GRANDVIEW - He's only eight-years-old, but he has achieved a unique accomplishment.
Macuen Streubel is a licensed Ham Radio operator and has been for nearly a year.
The little moppet knows he is fairly unique among his peers. He is aware he is among the youngest licensed operators in the nation.
"The youngest person to get their license was six," Streubel said.
Both his parents are licensed Ham Radio operators. His mother, Mary, is a technician and his father Jason has his extra classification.
The sprite said his mother is training to obtain her general classification. Once she does so, she can help the younger Streubel train for his general classification license.
"But, I'm not ready for those, yet," he said as he hung upside down on the family couch, stating it took a lot of hard work to obtain his technician's license.
The youngster said, "It took away most of my play time, but I got to play a lot after the test."
He studied for 400 questions, of which only 35 needed answering to obtain his license.
"You have to understand the questions to get a license...Morse Code used to be a required element, but it has been dropped in recent years," said Mr. Streubel, stating the family is however learning Morse code together.
The younger Streubel said he enjoys getting on the radio to identify himself by his call sign. "There are three ways to say it, and I like to say them all," he stated, sharing with enthusiasm his identification is KE7WIC, Kilowatt Echo Seven Whiskey India Charlie or KE7 Whiskey India Charlie.
Mr. Streubel said the different identifications, which are essentially the same, are used according to whomever one is talking with on the Ham Radio.
"It's sometimes hard to remember the first part, though," said the younger Streubel as he fidgeted in his seat.
He said he hasn't been on the radio for a while, but when Wednesdays roll around, the family gathers around it to check in with others over the airwaves.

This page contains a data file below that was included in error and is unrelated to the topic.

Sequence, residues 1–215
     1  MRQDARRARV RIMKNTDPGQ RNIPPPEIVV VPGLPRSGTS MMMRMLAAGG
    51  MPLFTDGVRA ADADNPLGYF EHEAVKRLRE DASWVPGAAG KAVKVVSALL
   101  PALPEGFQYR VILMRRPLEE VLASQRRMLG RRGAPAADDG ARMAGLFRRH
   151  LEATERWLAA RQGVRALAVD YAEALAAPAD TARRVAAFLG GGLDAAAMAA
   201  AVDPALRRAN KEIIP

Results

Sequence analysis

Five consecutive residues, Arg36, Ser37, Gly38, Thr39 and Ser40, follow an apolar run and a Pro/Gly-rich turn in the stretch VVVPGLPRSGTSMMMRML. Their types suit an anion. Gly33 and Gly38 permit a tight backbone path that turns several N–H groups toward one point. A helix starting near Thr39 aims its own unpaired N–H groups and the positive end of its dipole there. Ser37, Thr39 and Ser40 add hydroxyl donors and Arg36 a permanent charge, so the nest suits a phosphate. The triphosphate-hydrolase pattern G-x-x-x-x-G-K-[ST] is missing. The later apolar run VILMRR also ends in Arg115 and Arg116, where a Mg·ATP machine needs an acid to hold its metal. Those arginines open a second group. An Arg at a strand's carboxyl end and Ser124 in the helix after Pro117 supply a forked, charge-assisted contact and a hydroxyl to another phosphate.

"He (Macuen) likes to check in for us, too," said Mrs. Streubel.
An event the young Streubel is eagerly anticipating is the American Relay League, which takes place this coming weekend.
Approximately 35,000 Ham operators nationwide participate in the event and will be on their radios operating on emergency power.
Mr. Streubel said the field day event helps refresh operators' skills in contacting as many other operators as possible.
"I get to stay up all night for it," said the younger Streubel.
The family joins together with fellow members of the Lower Yakima Valley Ham Club for the event. The club provides its members with support and a sense of community.
Mr. Streubel said each operator gets points for the number of contacts made during the American Relay League event and those points are verified by the Amateur Radio Relay League.
Ham radios are not like a CB. A person using a Ham radio must be licensed by the Federal CommunicationsCommission (FCC) because Ham radios broadcast over high frequencies...all of which the younger Streubel was eager to share.
"If you don't turn on the radio right, it won't operate correctly," said the youngster, adding one must have the appropriate transmitter to hear other operators, as well.
"People who have a general (license) or extra (license) can even talk to the astronauts," he added, popping himself upside down on the couch again.
Another tidbit the young Streubel provided as he hung from his legs is that Ham Radio operators are prohibited by the FCC from using emergency frequencies unless an actual emergency event is taking place.
"You can get arrested," he said jumping into an upright position, but his father corrected the statement and said the FCC can take away the operator's license if the rule is violated.
When asked how others interested in obtaining their license might do so, Mr. Streubel said contacting a local Ham operators club or a member of the club is the best way.
"All of them are very welcoming and would gladly help," he stated.
As for the bottle of energy, he thinks anyone who wants to become a Ham operator should.
"It's a lot of work to study for the test, but it's fun talking to other people on the radio," said the eight-year-old.